Home repair costs in the greater Philadelphia area, a comprehensive look at the Sixers’ proposed arena

Have you put off a home repair project or two because of how expensive it is? You are not the only one.

Last year, all needed home repairs in the Philadelphia area would have cost a total of $3.7 billion.

That’s a lot of money. but it’s a conservative estimate.

The price of everything has been going up, and that includes home repairs, according to a new report from the Federal Reserve Bank of Philadelphia. Unsurprisingly, lower income households are more likely to have recurring repair needs.🔑

Read on for my story on that and look inside a South Jersey “nostalgia hub,” learn why a Doylestown couple gave up their bedroom for their kids, guess how much a Chestnut Hill home sold for, and consider if Philadelphia needs a new Sports field.

📮 Have you had an interesting, good or bad, home repair experience? For a chance to be featured in my newsletter, email me your story.

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—Michael Bond

Courtesy of Habitat for Humanity Philadelphia

For this story, I spoke with Deborah Sheard, 65, a West Philadelphia homeowner. She told me that she wanted to stay in the 120-year-old townhouse where she raised her daughter. But the roof was leaking, its walls were damaged, and the bathroom upstairs was collapsing.

Sheard is on a fixed, limited income and could only afford a few Band-Aid repairs that didn’t fix the deepest and most expensive problems.

I’ve written before about how Philadelphia’s affordable housing strategy hinges on repairing existing homes. That’s especially true as construction costs and home prices continue to rise.

Some of the most common repairs needed in our region are leaks, mold, and structural issues, which can be costly.

Read on to learn more about the Philadelphia Fed’s investigation into home repairs, and learn about the money Pennsylvania is giving counties to help residents make fixes.🔑

A proposed Center City stadium for the Sixers would occupy a third of the Fashion District, the struggling mall that replaced another struggling mall, the Gallery.

Supporters of the plan for an 18,000-seat stadium see appeal for sports fans and investment in a ramshackle stretch of East Market Street that is well connected to public transportation.

Philadelphians living in Chinatown, on the edge of the proposed arena, worry that rising rents and property tax bills could force people and businesses to move.

The Sixers plan to spend $1.3 billion on the arena, which they estimate will be empty about 60% of the time. The new space would compete with the Sixers’ current home: the Wells Fargo Center, which is nearing completion with a massive renovation.

Across the country, NBA teams have moved to make more money. If the Sixers owned their own stadium, the team could control the advertising, fancy boxes and fancy restaurants that come with it.

My colleagues Jeff Gammage and Massarah Mikati get into the sports construction boom that has come to Philly and how the Sixers want to follow the trend toward downtown arenas.

The latest news to pay attention to

Fran DiBacco admits she “got a little carried away” with her collection of old magazines. That is an understatement.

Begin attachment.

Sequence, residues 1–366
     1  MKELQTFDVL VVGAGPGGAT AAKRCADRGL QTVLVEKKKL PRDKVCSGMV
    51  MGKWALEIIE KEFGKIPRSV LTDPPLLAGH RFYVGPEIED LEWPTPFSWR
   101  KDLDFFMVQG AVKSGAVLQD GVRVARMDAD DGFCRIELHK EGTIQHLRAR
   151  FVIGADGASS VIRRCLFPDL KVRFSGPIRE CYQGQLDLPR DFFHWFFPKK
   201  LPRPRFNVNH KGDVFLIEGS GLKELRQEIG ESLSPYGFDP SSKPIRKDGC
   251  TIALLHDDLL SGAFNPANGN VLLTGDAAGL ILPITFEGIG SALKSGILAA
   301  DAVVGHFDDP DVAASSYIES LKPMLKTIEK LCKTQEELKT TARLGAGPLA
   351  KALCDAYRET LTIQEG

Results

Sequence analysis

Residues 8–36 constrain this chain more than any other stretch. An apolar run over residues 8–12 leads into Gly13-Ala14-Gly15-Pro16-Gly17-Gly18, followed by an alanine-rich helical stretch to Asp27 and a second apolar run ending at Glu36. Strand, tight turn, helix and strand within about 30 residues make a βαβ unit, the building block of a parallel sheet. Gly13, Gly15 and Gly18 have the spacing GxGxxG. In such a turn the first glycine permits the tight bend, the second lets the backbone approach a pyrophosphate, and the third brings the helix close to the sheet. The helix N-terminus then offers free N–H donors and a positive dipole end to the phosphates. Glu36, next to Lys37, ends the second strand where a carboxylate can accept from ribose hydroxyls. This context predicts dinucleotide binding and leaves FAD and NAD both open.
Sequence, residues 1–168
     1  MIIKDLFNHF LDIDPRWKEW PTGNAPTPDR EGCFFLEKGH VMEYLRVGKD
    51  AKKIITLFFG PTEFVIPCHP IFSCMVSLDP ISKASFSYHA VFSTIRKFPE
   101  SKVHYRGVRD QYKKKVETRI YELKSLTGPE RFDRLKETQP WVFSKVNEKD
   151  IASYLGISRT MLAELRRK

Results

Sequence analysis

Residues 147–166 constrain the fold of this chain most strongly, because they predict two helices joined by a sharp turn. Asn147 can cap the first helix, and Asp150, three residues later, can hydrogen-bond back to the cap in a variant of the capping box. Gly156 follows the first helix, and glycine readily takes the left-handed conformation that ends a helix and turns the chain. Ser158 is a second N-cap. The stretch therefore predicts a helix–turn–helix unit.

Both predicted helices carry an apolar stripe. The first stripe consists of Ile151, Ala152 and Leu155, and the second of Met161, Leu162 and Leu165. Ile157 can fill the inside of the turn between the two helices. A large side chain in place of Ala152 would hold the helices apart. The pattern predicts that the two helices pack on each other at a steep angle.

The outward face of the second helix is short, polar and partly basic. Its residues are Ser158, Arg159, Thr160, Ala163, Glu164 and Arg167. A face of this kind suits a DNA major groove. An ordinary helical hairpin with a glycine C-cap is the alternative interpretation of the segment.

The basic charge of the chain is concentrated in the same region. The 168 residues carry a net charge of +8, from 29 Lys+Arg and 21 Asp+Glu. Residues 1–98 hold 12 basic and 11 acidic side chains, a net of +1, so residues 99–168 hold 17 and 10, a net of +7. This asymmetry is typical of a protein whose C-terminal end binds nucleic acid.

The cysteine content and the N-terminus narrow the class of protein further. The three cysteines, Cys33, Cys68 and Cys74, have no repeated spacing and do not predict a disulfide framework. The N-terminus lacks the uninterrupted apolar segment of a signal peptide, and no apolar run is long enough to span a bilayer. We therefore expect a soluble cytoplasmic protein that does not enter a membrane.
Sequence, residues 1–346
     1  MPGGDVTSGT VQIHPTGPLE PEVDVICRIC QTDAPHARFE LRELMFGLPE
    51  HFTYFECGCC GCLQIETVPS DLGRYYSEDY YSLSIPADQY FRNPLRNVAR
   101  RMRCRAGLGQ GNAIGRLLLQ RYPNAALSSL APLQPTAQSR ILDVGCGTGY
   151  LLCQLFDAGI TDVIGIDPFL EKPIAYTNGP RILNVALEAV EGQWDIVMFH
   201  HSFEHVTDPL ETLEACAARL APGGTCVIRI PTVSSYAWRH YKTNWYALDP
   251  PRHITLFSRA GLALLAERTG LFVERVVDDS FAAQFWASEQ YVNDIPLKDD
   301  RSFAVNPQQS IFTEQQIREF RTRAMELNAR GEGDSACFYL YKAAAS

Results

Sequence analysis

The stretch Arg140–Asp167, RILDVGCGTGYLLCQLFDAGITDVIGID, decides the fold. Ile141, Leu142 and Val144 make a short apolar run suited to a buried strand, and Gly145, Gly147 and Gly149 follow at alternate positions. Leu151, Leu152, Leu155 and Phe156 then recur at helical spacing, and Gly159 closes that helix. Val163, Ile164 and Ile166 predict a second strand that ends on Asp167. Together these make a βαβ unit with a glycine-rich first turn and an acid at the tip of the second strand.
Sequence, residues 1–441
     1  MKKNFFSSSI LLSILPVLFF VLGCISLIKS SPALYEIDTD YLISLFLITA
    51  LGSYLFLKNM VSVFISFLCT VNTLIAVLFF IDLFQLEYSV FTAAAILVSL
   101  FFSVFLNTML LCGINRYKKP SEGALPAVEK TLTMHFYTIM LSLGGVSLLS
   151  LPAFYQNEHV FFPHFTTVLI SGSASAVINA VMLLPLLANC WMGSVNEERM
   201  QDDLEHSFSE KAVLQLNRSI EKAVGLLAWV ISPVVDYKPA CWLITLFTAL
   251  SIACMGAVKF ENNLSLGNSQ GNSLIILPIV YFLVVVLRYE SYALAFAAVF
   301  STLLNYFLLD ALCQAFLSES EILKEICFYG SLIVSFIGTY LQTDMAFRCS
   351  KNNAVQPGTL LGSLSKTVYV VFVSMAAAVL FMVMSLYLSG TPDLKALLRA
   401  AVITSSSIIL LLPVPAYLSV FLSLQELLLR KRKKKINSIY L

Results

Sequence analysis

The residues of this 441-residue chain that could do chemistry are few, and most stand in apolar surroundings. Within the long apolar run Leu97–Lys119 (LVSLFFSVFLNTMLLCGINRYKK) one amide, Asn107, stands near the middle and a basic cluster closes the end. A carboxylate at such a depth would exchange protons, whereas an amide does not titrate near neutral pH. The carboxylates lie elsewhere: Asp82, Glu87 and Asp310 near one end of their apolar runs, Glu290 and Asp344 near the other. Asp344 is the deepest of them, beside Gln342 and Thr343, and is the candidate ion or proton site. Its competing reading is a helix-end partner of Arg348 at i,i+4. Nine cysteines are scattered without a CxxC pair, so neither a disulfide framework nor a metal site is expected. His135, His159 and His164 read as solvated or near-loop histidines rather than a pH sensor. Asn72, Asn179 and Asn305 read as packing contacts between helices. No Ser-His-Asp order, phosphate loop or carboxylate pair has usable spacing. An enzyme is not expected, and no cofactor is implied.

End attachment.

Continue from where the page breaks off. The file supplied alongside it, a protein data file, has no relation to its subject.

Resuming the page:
Just off I-295 in West Deptford, Gloucester County, is 10,000 square feet of warehouse space that he converted into a museum. He started with magazines, they occupy 5,000 feet of shelves, but his collection has expanded.

The 85-year-old Southwest Philly native calls his space Vintage Magazine Nostalgia Center.

Inside, visitors can find:

  • Life-size cutouts of historical figures and pop culture icons.

  • Rotary telephones and other devices

  • Photographs, posters, banners and advertisements

  • A mix of a classic Jersey diner and a record store

My colleague Kevin Riordan is great at finding quirky and interesting stories. Take a look at DiBacco’s celebration of what the collector calls “the greatest century.”

Jose F. Moreno / Staff Photographer

The Giacalone family has ensured that each member has the perfect space for creativity in their Doylestown Colonial. The parents, Pier and Jennifer, even gave up their bedroom to make it happen.

Sixteen-year-old Rolley has a passion for playing music and needed space for the instruments.

Seventeen year old Ben is an author who needed space to write.

Jennifer, an author working on a script, and Pier, a music producer, both work from home and also needed their own spaces. Pier had to temporarily downsize his business from a 3,000-square-foot recording studio in New Hope to the family’s garage as business slowed during the pandemic.

Find out which famous musician signed a guitar for Pier as a gift, and take a peek inside the family home.

🧠 Trivia time 🧠

A home improvement company is testing security robots in store parking lots in Philadelphia. The 400-pound robots use microphones, cameras and sensors to report to a monitoring team.

Question: Where could you find a robot on a trip to buy garden supplies this spring? This story has the answer.

📷 Photo contest 📷

This 4 bed 2 ½ bath twin in Chestnut Hill was sold a month ago. How much did the newly renovated 1,957-square-foot house cost its new owner? (Fun fact: I’m a twin, and the first time someone told me years ago that “there are a lot of twins in the XYZ neighborhood,” I was excited, then disappointed. No offense to the twin houses.)

📮 Put on your real estate agent hat, make your best estimate of the price and email me your answers.

And have you always dreamed of owning a “party barn” on a Chester County farm? Now is your chance. A three-story farmhouse and separate entertainment space on 8.8 acres just went on the market for over $4.4 million.

Enjoy the photos and the rest of your week.